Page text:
12.23.2014
0
30
Facial Radiance Serum
Rating
1 fl. oz. for $44
Category:Skin Care > Serums > Serums
Last Updated:12.23.2014
Jar Packaging:No
Tested on animals:No
Review Overview

The key benefit to this water-based, moisturizing serum for normal to dry skin is its alleged ability to brighten the complexion and fade brown spots. To that end, it contains a stabilized form of vitamin C (tetrahexyldecyl ascorbate) along with a teeny-tiny amount of licorice root extract. These are fairly standard ingredients in this type of product, but our concern is the amounts used. The vitamin C is likely around 1% or so, which is really too low to have a considerable impact on a dull, discolored complexion. Even in low amounts, though, vitamin C has antioxidant ability, as do the plant extracts in this serum.

For the money, this isn't the powerhouse formula it should be, though it can be an OK serum-like moisturizer if dark spots and an uneven skin tone aren't your concerns. This product is fragrance-free.

One more comment: Facial Radiance Serum also contains a novel ingredient, listed as dimethylmethoxy chromanyl palmitate, a peptide (its trade name is Chromabright), with limited but intriguing research on how it interrupts the pathway that synthesizes melanin (skin pigment). There's not much research to go on, but it appears promising (Source: www.healthestatejournal.com/Print.aspx?Story=4710). Still, it's the last ingredient in this product, so it's a classic example of not getting much of the good stuff.

Pros:
  • Fragrance-free formula.
  • Moisturizes and smooths dry skin.
  • Contains some tried-and-true antioxidants and plant extracts.
Cons:
  • Unlikely to have much impact on dark spots or a dull, uneven complexion.
  • Unlikely to fade red marks from acne, though it may help a little.
Claims

FAB Facial Radiance Serum is formulated with a powerful triple brightening complex that addresses uneven skintone and dark spots caused by aging, sun damage, and acne discoloration. Licorice root naturally brightens skin, chromabright brightens the skin and reduces photoaging, and vitamin C reduces unwanted pigmentation and discoloration. With daily use, dark spots are noticeably reduced, skin clarity is improved, and the complexion is luminous.

Ingredients

Water, Glycerin, Caprylic/Capric Triglyceride, Polysorbate 20, Dimethicone, Glyceryl Stearate, Stearic Acid, Stearyl Alcohol, Tetrahexyldecyl Ascorbate, Phenoxyethanol, Caprylyl Glycol, Vitis Vinifera (Grape) Seed Oil, Butyrospermum Parkii (Shea) Butter, Chrysanthemum Parthenium (Feverfew) Extract, Acrylates/C10-30 Alkyl Acrylate Crosspolymer, Camellia Sinensis Leaf Extract, Glycyrrhiza Glabra (Licorice) Root Extract, Sodium Hydroxide, Sodium Phytate, Cyclopentasiloxane Dimethiconol, Ethylhexyl Cocoate, Dimethylmethoxy Chromanyl Palmitate.

Brand Overview

First Aid Beauty At-A-Glance

Strengths: Several fragrance-free products; relatively reasonable pricing; sunscreen provides broad-spectrum protection; wonderful fragrance-free body wash.

Weaknesses: AHA pads contain a low amount of glycolic and lactic acids; some products contain fragrant plant extracts; every product contains feverfew extract, which has benefits, but also can be an irritant; jar packaging; for a line meant for sensitive skin, their use of common irritants is disappointing.

With a name like First Aid Beauty (FAB for short), it's obvious this line is meant to rescue your skin from distress, and, indeed, these products are targeted toward those who have sensitive, easily irritated skin, but who still want an elegant, department-store flair. Ironically, FAB falls short on both ends of the spectrum.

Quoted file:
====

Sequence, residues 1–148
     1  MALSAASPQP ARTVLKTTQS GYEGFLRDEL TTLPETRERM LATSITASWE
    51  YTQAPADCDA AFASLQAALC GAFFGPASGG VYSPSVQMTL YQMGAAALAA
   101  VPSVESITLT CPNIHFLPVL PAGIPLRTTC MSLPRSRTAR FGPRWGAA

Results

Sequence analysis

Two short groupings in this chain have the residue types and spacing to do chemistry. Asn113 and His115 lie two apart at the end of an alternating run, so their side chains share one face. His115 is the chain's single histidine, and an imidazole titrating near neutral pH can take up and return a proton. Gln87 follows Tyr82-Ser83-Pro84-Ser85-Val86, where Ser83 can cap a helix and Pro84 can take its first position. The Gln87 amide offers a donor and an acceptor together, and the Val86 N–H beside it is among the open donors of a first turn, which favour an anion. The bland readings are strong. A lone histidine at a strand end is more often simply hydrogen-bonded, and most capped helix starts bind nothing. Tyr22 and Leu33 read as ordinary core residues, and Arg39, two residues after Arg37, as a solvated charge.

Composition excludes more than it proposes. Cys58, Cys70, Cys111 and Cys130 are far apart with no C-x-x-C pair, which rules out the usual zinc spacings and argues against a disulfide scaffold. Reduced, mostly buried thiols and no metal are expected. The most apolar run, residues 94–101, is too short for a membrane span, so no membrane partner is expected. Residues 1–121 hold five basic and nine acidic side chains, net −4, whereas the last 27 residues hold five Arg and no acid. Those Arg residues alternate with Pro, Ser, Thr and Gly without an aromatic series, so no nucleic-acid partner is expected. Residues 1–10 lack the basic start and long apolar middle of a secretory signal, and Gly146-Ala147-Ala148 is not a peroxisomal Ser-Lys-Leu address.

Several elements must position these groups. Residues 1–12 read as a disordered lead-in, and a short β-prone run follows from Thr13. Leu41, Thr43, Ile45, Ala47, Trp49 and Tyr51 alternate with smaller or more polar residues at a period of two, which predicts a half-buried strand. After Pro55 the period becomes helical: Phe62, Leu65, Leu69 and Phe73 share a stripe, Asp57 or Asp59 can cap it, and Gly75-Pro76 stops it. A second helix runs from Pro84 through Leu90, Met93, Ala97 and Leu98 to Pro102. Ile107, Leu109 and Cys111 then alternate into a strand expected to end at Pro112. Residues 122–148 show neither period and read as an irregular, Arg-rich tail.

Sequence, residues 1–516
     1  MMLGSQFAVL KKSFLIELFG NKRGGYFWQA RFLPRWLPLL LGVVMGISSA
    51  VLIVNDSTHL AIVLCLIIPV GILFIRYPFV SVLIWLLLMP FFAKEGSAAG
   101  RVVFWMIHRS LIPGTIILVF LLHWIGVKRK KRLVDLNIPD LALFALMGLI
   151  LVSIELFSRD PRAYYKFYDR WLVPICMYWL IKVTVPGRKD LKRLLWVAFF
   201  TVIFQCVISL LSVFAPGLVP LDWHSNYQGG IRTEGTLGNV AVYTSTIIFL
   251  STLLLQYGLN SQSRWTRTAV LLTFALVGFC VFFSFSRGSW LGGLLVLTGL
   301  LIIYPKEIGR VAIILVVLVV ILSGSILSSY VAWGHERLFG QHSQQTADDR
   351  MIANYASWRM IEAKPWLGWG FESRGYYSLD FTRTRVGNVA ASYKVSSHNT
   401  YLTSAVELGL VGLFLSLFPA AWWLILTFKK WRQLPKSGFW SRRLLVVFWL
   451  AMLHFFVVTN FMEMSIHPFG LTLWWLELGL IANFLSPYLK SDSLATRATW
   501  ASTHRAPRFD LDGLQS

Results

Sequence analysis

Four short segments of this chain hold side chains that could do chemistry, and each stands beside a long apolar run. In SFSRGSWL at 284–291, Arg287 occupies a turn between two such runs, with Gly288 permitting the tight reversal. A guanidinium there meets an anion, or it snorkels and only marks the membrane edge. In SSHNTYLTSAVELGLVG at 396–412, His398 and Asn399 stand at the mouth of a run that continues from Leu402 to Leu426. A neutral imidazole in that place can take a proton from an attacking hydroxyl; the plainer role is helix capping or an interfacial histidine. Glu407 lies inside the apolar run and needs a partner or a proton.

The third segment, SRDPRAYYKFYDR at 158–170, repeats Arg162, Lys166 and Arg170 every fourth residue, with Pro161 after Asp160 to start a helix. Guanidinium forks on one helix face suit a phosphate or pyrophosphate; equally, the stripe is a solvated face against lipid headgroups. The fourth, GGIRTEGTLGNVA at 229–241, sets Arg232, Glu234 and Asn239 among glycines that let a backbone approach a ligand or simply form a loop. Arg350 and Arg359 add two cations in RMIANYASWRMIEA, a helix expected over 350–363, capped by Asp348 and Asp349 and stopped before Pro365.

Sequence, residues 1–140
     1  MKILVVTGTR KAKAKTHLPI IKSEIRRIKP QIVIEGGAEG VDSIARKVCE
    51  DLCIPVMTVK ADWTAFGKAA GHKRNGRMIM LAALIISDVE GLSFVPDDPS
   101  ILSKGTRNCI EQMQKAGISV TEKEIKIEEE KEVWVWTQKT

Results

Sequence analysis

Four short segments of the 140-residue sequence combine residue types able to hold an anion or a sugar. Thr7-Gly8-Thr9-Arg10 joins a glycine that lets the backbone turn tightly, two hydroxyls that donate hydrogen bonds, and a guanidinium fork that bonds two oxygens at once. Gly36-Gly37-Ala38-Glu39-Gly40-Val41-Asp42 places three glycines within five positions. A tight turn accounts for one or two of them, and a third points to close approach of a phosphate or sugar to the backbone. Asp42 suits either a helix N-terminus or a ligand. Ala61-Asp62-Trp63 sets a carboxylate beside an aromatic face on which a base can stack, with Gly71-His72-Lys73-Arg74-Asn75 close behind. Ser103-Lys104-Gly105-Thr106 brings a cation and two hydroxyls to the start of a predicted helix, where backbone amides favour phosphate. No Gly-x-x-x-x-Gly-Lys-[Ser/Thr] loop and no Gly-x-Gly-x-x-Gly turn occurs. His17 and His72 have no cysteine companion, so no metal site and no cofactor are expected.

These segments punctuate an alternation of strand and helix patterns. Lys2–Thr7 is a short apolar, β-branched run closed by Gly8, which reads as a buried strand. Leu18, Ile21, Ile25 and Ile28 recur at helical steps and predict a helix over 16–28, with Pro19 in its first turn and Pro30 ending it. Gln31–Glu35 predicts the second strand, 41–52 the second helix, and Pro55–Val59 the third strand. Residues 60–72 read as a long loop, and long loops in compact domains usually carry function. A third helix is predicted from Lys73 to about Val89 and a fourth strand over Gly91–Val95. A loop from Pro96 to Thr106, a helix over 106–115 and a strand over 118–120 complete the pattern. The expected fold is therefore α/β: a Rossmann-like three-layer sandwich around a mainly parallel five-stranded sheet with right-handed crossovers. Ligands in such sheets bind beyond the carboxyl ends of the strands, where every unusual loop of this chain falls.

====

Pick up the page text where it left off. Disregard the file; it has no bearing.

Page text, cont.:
Despite the company's claims of providing "therapeutic action" for "tough skin conditions," some of the products contain irritating ingredients that are extremely problematic for any skin type, especially for those with sensitive or compromised skin. It was disappointing to see known irritants like sulfur, balsam resin, and witch hazel in products claiming to calm your skin and reduce redness. "What were they thinking?" was a question that came up more than once while reviewing this line!

On the bright side, First Aid Beauty does have a very good fragrance-free body wash. There are also a few products that omit the fragrance, which is a definite must for sensitive skin, although, in fact, all skin types do best with fragrance-free products. Unfortunately, the fragrance-free formulas in this line come up short on important ingredients, like antioxidants and skin-repairing ingredients.

It is best to avoid their Ultra Repair Cream, the SPF 30 sunscreen, Detox Eye Roller, Blemish Eraser, and the Anti-Redness Serum because they all contain enough irritating ingredients to make conditions like acne, redness, and sensitivity worse.

For more information about First Aid Beauty, sold exclusively at Sephora in the United States, call (800) 322-3619 or visit www.firstaidbeauty.com.

About the Experts

The Beautypedia Team proudly and unequivocally maintains the commitment that Paula Begoun, founder of Beautypedia and Paula's Choice Skincare made over 30 years ago-to help you find the best products possible for your skin. We do this by relentlessly pursuing and relying on published scientific research so you will have unbiased information on what works and what doesn't-and the sneaky ways you could be making your skin worse, not better!


The Beautypedia Team reviews all products using the same research, criteria, and objectivity, whether the product being reviewed is from Paula's Choice or another brand.

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